oh, i believe it! i hate when i dont have anything to pick, ill search all over my body to find that one little flaw i can pester. hell, im picking right now, it really is like breathing, i dont feel especially stressed or anything, but here i am picking.

    which makes me think of my friend from when i was little who sucked her thumb, so her parents started coating her thumb with that sour stuff they sell for thumsuckers and nail biters.

    dear people, if someone you kno does something you find weird, but poses no harm to themselves or others, allow them that activity, becos obviously its a comfort to them.

    afterall, if im in bad traffic i puff up my cheeks full of air, i dont kno why, it calms me, but nobody ever told me to stop that. just the picking since they think its gross.

  118. jessilikewhoa
    jessilikewhoa August 6, 2008 at 8:09 pm |

    sisterly, i tried a variation of it, nothing but junk food and naps all day.

  119. Sarah
    Sarah August 6, 2008 at 8:58 pm |

    I’d like the koala diet more, were it not for the koala-mom-poop you have to live on for the first year of the diet.

  120. Eevoid
    Eevoid August 6, 2008 at 9:00 pm |

    Hey Amanda,

    I’m sorry I don’t have the energy to read through all of the comments, but in response to the original post:

    I’ve learned a shit load from this post and others that you’ve written. Although I’ve been on the receiving end of it myself to some degree or another, I don’t know how many times I’ve been the asshole who tells people what they need to do (which often consists of advice on how to eat more like me or whatever).

    Thanks for sharing that. It was enlightening.

  121. annaham
    annaham August 6, 2008 at 11:24 pm |

    This is a great post, Amandaw. But you always make great posts, so coming from my mouth, the words have almost lost all meaning.

    I think, in part, the function of unsolicited advice is to make those who give it a.) feel better about themselves, and b.) keep perpetuating the illusion that illness or disability cannot possibly happen to them, because they are healthy, or have the right frame of mind, and oh, look, they even go out of their way to give “helpful” advice to ill or disabled folks because they care about them! Aww, Hallmark moment.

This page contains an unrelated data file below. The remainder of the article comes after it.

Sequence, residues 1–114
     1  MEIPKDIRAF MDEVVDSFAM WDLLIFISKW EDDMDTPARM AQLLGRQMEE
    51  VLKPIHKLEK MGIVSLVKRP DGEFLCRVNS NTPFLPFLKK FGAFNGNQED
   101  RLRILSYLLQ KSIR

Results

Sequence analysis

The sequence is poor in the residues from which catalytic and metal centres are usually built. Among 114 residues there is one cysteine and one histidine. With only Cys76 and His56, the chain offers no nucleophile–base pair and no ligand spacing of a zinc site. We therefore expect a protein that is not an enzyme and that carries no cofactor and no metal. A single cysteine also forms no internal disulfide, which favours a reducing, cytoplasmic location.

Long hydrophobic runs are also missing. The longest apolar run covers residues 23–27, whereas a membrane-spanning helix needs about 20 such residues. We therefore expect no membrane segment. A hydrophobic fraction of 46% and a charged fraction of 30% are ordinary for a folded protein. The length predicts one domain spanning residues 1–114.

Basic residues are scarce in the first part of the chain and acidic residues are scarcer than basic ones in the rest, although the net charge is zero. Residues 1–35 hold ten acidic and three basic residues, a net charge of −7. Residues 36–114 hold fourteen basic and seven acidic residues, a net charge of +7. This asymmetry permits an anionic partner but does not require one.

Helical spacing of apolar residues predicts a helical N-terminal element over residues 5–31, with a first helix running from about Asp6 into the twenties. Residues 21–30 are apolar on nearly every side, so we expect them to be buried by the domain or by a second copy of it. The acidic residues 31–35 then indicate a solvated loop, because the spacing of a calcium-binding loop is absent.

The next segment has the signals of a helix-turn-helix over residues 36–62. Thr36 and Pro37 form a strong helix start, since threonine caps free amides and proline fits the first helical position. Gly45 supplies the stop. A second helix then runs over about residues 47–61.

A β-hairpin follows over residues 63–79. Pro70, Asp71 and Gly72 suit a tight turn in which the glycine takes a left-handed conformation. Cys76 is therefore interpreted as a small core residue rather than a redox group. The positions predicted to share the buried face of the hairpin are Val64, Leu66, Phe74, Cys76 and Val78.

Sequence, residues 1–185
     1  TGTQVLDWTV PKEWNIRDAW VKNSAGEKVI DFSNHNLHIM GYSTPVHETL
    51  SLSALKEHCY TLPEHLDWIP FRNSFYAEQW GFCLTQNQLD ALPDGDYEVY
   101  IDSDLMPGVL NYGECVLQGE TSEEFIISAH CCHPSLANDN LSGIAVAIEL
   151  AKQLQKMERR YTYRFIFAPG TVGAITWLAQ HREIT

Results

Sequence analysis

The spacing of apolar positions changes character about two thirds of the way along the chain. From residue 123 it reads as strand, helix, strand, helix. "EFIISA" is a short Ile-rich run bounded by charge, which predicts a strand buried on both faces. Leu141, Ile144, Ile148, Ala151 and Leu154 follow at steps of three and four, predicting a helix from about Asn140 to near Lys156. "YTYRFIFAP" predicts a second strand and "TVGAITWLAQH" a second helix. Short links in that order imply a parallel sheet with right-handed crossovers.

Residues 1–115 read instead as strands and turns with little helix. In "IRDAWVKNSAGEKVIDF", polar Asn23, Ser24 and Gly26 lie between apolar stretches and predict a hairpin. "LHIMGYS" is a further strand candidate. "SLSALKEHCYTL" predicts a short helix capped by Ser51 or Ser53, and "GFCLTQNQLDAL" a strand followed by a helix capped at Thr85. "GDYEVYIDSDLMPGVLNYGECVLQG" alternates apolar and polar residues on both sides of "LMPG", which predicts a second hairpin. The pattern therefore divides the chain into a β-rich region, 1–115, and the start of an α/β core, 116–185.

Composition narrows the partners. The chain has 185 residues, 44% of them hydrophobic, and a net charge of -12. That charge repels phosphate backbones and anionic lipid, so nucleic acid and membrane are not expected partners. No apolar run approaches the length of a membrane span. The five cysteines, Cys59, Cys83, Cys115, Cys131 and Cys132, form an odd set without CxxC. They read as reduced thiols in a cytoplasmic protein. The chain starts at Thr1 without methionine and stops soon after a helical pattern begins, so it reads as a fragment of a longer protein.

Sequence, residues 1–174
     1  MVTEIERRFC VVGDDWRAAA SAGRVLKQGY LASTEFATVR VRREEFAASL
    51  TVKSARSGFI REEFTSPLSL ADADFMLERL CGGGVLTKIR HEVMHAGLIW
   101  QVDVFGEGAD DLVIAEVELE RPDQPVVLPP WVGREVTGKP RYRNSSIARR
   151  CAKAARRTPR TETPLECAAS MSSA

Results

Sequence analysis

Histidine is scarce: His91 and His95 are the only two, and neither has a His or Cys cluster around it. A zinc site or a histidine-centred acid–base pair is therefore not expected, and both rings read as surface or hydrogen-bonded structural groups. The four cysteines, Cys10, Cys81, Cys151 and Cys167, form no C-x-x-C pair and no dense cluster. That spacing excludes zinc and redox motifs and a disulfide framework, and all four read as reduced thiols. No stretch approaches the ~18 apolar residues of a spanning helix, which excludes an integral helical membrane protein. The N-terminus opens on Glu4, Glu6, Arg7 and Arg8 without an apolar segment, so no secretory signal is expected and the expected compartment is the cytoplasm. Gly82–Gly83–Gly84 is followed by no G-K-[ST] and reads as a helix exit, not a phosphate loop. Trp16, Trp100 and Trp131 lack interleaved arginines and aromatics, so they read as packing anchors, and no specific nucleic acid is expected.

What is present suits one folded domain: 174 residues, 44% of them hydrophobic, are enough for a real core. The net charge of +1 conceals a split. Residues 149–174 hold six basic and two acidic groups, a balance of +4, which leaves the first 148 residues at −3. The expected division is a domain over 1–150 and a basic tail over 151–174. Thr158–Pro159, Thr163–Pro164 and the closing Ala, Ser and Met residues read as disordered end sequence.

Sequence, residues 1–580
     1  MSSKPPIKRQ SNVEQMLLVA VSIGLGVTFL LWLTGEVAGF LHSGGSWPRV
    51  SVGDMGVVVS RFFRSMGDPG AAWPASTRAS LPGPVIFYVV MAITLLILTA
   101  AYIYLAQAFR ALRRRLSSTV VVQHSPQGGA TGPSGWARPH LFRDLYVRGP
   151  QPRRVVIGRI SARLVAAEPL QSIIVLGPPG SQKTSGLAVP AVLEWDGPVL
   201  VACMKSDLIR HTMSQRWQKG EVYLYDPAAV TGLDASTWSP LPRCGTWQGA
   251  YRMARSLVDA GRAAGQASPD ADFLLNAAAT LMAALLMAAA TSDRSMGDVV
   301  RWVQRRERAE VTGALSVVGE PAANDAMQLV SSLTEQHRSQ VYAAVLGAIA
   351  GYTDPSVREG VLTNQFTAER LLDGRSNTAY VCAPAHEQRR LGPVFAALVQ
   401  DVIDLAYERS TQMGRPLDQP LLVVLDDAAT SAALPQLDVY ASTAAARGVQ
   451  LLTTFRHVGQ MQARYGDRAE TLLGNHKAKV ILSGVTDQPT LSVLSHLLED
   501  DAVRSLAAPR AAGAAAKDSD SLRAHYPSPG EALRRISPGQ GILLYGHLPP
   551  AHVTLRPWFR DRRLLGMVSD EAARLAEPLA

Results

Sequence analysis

Despite this, and even though some of them fool themselves with the “I’m just trying to be nice” crap, it can be awfully transparent. I don’t doubt that some of them *are* trying to help, but, to put it in lolcat lingo, they’re totally doin’ it wrong.

  122. Gement
    Gement August 7, 2008 at 12:34 am |

    I’ve been nodding along at most of this. Unsolicited advice, ill-considered advice, advice that is really a patch on social discomfort, making someone’s illness the only topic of conversation, presuming the social intimacy of discussing medical problems (particularly emotional or genital ones)… These are all very bad things. I lived through my own share of my mother’s “Why don’t you just get up and DO something?” when I was fighting the worst of my depression.

    I do question this, though:
    “If the abled hear “When you say this, it hurts me” and take away “Just never say anything to me at all!” whose fault is that?”

    As someone who has received my fair share of stupid and insensitive suggestions on the basis of a medical condition, it is my personal experience that I have been given some good suggestions and leads by people who took time to listen to me, actually had some experience on the topic, and weren’t offensive in their presentation of information.

    And when I read the initial post, what I took away from it was “Never give advice, ever, ever, ever,” and I disagreed with what I perceived as absolutism there. It is not your responsibility to educate, but I got the impression that the intent of this post was to educate. I would rather the instructional message be very clear, and it wasn’t clear to me. A paragraph somewhere in the cool-down about conditions that might make advice welcome (including knowing the person well enough to know if they want advice) would have done it for me.